The Notwist – Close To The Glass
This German band has been around making records for a long time. When I open a review with something about a bands’ extensive career I usually mean somewhere along the lines of a decade or so, but The Notwist handily defeat this notion through their 20+ year career effort that is still tacking on more releases. 2008’s The Devil, You + Me reminded us all that this band still had it in them, and Close To The Glass looks to repeat that phenomenon.
On the aforementioned record we heard the subtle indie rock of this group somehow manage to feel subtler in its simmering singles like “Good Lies,” but Close to the Glass has something else in store: electronic. From the very first track this is impossible to miss: consisting of pure electronic elements to begin, The Notwist certainly don’t skirt around this change. “Signals,” carries on this way, incorporating what resembles some dub sounds, breaking it down to a groovier and choppier mix than we’ve heard from the group. Of course Markus Acher’s hollow vocals still compliment this beat with ease and delicacy, balancing out the violence of the electronic sounds with his calming voice. The title track follows in the same pursuit, though this time the electro-beats, aided by hand claps feel tribal, which makes for an odd sound whose enticing nature cannot be challenged, but perhaps worries me a little for the sake of longevity.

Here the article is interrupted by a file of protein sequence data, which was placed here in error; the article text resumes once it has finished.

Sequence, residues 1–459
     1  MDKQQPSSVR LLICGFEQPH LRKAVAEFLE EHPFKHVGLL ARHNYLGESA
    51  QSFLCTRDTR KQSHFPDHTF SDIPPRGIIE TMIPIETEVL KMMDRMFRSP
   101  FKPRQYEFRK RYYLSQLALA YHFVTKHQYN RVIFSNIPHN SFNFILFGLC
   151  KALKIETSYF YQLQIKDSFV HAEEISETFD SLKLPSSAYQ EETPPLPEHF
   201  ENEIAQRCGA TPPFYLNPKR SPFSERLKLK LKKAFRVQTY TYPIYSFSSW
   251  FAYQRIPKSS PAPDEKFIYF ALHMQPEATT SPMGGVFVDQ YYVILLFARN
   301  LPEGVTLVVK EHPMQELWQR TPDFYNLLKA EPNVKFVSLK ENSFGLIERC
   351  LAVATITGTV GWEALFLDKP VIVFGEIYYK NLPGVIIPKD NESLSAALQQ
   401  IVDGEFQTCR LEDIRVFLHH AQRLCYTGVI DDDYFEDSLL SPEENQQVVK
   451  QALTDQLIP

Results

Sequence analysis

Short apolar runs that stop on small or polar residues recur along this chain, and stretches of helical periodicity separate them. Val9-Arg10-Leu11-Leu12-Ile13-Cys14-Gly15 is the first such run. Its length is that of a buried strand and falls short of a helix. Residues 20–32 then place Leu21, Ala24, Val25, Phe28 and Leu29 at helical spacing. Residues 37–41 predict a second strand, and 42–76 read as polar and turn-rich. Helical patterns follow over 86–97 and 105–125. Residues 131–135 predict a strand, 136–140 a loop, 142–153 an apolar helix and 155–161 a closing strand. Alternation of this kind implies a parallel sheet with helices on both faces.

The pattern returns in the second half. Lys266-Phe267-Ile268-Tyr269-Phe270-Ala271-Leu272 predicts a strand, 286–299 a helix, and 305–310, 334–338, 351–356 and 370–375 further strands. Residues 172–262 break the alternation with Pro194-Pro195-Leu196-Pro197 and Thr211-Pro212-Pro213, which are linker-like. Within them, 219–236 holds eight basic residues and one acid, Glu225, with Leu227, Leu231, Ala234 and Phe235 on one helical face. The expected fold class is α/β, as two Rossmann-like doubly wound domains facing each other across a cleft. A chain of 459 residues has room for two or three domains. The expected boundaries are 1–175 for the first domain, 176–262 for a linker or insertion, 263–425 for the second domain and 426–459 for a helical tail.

Third track, “Kong,” takes a complete departure from everything you’ve thus encountered on Close To The Glass, and pushes you back to their classic sound. The mild vocals are abundant and focal, the driving synth base hovers in the background, while a faded drumbeat drives the song all in a hyper-collected fashion. Songs like these are simply what this band do best—you’ll hear a lo-fi fuzzed out version of this archetypal song, albeit a bit slowed down, on “Seven Hour Drive.” Its got the build up to the outburst of sound and tempo of a chorus that will have you rocking along with them.
The drawback on Close To The Glass, is that it is easy to fall in and out of attention with the tracks. If you’re not careful, you will find yourself finished with the record without a strong recollection of some of the songs Acher’s voice is soothing and easy, glazing over the sometimes ambient—sometimes all out alt-rock—backing instrumentation. So listen carefully for your favorites to add to your catalog.